Many of us think of emotions as reactions. A thief knocks down your door and you are flooded with fear. Your baby smiles up at you and you are filled with love. It feels like this is how emotions work: something happens, and we instinctively respond.
From an evolutionary standpoint, this action-reaction phenomenon makes sense. It would explain the basic constructs of survival, and distinguishes those who hold out from those who do not. When an early caveman discerns a low pitched growl — unmistakable of a hungry predator’s snarl, fear ensues, which triggers the sympathetic fight-or-flight response. Emotion helps us discern what’s safe from what’s not, and in the end, determines who survives.
This concept of emotion is a fan-favourite, its preservation in society feeding off our tendency to romanticise the easy and seemingly congruous explanations. This way of thinking is then passed on from generation to generation — further supplemented by popular culture and new-age mass media.
On June 8, 2004, Michael Jones, his wife Amanda Thornbury and their two children were driving down a slippery highway when their car spun out of control, hydroplaned across the median, and collided with a truck driving in the opposite direction.
Tommy Jarrett, the man behind the truck’s wheel exited his truck unscathed and helped the injured couple, but also saw two-year-old Mikayla’s lifeless body in the mangled Pontiac Grand Prix. The images caused an emotional scar so deep that he filed a lawsuit a year later against the grieving family for precipitating his emotional distress.
Later interviews revealed that Tommy was brought up in a conservative environment, where men were expected to protect the people around them regardless of the nature of the circumstances. He adopted this narrative throughout his life, and as a result, assumed responsibility for the consequences of events that day. In addition, he blamed Michael for failing to protect his family and take control of the circumstances that lead up to the accident — which most experts thought were inevitable regardless.
Consequently, this viewpoint caused significant emotional distress in him, which tragically lead to his suing of the grieving couple. Through the lens of the action-reaction phenomenon, this response made sense. Tommy felt an immense feeling of guilt and pain, feelings which he himself could not control, and that lead to his subsequent unemployment and mental overload.
Psychologist Lisa Feldman Barrett however offers a different way to look at emotions, proposing a similarly sound alternative explanation to the events that unfurled in this bizarre scenario.
The human brain is a tiny thing considering the massive checklist of tasks and targets it has to tick off on an hour to hour basis. It oversees the respiratory, cardiovascular, renal, endocrine, cerebral, musculoskeletal, and neurological functions — to mention just a few — which all fire up simultaneously, each requiring intricate attention. Our brain learns to simplify these tasks by automatising certain pathways, using our biological machine-learning capabilities to maximise our brain’s firepower.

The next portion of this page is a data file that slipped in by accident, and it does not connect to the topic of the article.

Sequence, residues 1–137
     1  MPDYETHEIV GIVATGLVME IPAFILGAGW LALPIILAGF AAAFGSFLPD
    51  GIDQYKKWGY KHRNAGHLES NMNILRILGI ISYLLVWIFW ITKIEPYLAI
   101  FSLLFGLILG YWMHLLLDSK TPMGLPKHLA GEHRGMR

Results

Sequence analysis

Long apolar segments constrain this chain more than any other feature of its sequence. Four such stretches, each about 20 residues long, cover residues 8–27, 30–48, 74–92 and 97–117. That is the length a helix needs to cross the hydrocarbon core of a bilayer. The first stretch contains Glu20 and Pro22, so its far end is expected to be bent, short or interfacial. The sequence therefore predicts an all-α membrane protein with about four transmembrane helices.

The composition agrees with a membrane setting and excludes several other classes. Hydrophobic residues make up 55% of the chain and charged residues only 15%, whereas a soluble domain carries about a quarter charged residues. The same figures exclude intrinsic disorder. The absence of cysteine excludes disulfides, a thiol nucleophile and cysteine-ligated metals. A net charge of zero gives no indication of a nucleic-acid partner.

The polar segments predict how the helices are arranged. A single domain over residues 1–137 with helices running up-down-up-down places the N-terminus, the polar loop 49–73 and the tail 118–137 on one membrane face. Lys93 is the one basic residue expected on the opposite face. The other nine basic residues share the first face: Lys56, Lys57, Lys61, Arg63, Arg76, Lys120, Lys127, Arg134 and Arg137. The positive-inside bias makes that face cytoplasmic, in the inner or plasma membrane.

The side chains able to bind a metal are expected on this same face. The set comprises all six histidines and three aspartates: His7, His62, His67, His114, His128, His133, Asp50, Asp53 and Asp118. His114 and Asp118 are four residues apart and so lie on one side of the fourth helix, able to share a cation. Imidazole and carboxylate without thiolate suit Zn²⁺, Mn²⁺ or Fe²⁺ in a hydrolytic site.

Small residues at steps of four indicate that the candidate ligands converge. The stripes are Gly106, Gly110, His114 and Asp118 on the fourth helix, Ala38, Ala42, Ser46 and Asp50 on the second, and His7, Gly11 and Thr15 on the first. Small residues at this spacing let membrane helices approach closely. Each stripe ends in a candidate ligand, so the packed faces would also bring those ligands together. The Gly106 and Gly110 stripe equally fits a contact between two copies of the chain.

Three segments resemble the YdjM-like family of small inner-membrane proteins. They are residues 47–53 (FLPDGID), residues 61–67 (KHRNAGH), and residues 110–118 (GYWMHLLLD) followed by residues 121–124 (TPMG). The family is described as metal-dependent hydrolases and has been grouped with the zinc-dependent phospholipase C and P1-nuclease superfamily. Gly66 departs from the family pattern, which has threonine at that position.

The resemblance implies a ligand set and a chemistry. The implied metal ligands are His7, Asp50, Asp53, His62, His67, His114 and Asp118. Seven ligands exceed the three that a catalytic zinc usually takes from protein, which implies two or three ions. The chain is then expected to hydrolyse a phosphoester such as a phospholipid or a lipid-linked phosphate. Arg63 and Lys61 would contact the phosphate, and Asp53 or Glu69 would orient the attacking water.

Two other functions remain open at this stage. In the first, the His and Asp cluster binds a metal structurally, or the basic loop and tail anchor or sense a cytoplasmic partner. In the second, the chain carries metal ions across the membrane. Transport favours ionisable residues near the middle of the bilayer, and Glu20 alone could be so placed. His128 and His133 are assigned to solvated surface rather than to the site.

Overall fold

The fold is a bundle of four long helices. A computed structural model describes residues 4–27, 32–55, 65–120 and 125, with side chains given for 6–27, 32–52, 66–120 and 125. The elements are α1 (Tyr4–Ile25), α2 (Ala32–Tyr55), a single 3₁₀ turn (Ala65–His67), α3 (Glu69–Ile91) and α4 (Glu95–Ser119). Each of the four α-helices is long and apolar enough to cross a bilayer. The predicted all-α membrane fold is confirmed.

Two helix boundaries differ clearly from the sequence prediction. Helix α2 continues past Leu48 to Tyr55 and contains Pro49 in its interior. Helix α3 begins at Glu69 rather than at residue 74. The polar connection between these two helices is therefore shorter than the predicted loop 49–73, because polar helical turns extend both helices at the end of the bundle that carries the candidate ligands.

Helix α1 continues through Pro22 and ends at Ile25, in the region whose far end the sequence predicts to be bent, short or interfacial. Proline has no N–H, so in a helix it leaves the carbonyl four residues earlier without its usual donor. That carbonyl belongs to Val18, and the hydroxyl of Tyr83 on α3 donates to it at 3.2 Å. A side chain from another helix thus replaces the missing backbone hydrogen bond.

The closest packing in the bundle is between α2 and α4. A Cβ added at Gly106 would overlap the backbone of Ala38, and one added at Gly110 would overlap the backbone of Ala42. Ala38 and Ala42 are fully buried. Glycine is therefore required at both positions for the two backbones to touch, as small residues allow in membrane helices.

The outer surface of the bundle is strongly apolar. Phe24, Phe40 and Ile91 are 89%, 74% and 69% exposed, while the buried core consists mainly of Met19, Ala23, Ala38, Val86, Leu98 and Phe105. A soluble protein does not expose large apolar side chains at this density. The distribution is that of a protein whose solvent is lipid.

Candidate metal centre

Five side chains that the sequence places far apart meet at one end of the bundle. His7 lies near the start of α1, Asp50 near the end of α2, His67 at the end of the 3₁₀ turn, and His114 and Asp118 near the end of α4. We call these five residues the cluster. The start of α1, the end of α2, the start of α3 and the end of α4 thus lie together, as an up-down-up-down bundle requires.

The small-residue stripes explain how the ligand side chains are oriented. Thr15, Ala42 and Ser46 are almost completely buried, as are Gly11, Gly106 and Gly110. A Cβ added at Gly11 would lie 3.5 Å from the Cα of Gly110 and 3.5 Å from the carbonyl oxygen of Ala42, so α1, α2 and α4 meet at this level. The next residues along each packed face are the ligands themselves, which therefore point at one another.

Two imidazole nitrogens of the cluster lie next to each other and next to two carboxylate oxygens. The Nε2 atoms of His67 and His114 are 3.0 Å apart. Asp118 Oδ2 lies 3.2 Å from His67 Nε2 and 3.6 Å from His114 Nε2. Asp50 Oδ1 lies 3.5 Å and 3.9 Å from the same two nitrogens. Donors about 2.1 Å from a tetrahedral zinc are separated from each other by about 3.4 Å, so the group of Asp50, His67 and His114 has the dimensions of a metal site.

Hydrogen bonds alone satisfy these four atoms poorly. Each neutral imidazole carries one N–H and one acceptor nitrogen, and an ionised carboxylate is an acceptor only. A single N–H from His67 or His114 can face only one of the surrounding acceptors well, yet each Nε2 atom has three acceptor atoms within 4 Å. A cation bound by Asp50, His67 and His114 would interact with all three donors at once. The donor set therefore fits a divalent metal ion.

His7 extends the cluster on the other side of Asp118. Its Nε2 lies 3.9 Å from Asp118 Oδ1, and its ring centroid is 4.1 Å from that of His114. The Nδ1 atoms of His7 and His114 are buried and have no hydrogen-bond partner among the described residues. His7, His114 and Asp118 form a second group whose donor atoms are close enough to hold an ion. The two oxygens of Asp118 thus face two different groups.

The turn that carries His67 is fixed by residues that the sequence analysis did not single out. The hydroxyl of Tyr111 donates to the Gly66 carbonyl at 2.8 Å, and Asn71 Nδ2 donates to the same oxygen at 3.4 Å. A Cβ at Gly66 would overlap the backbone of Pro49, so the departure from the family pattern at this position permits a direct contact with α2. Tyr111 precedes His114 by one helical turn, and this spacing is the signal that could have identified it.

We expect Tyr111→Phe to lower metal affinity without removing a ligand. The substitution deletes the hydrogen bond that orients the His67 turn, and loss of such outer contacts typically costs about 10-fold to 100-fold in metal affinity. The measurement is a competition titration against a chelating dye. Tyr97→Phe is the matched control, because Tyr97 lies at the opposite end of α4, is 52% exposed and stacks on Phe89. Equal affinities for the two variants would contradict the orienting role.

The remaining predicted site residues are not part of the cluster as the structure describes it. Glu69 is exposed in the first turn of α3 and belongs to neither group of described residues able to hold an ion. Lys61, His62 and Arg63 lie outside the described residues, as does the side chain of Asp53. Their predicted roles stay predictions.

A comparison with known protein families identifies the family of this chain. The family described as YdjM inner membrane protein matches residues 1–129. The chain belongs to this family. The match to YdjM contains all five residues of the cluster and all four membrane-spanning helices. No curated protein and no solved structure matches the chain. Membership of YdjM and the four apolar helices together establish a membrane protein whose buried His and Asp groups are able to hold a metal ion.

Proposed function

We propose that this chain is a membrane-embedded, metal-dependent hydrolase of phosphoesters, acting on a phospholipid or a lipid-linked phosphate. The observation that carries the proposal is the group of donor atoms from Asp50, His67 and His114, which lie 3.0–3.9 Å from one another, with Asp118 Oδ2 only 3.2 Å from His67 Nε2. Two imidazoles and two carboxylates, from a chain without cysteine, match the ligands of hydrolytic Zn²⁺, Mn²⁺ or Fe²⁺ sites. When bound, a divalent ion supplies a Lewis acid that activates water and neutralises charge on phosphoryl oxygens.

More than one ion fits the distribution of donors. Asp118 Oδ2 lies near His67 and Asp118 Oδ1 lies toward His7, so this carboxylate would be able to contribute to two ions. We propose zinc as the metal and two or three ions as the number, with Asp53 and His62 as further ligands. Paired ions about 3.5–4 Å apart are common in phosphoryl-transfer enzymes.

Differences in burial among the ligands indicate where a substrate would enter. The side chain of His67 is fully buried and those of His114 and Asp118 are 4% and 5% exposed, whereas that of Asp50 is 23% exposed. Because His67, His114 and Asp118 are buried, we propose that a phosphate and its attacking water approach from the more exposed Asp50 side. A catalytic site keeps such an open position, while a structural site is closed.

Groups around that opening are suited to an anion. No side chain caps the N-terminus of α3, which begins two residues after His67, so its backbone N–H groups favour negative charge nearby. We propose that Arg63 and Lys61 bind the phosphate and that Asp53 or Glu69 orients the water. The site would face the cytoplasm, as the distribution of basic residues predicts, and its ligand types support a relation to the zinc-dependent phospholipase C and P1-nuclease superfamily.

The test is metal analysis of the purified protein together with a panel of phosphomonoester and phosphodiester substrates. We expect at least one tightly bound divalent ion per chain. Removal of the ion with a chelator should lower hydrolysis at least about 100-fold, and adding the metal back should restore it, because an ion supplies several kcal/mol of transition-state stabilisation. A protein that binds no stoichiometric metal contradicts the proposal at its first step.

Emotions take advantage of this capability. They are formed through synaptic combinations of neurotransmitters and their respective receptors, which are preceded by a specific trigger. Our brain assigns a specific ‘emotion’ to the stimulatory input (an event) by attempting to match these chemical combinations to a similar previous experience. The brain then categorises these responses to their respective stimulatory inputs, so that when a similar stimulation is generated in the future, the response can be automated.
Emotions, when perceived this way, become biological concepts. They help shape the way we view and understand the world — formed and moulded by our upbringing, early experiences, and social encounters. It’s difficult to completely grasp this concept because it runs paradoxically to our culture’s understanding and popular portrayal of emotions.
Barrett’s theory postulates that emotions are not fixed action-reaction responses, but rather concepts which are malleable and plastic. Though it isn’t easy to shift a worldview that has been glued onto your synapses since your early days — it is possible.
Tommy’s emotional distress, which was clearly caused by the worldview he adopted since he was young, could actually have been addressed and tackled appropriately if it was viewed from the lens of this hypothesis. Perhaps it could have prevented the lawsuit altogether.
I’m not trying to point fingers with this article. Instead, I’m offering you a new way to think about emotions and invite you to muse upon its implications. The differences do not present themselves in a black or white, right or wrong dichotomy — but one could more accurately elucidate our emotions and their origins.
In the former fixed approach, we become slaves to our past and often uncontrollable events. Since the basic input of this concept is extrinsic, there isn’t much incentive to remodel our emotions. The proposed new approach encourages us to view emotions as something we are in control of. Its intrinsic nature means we can actively mould and alter the neural pathways responsible for their formation.
The next time you feel a strong emotion, particularly an unpleasant one — try to question and excavate details surrounding its origin. Changing an unhealthy thought pattern could actually be the difference between a lifetime of needless suffering and a happy fulfilling life.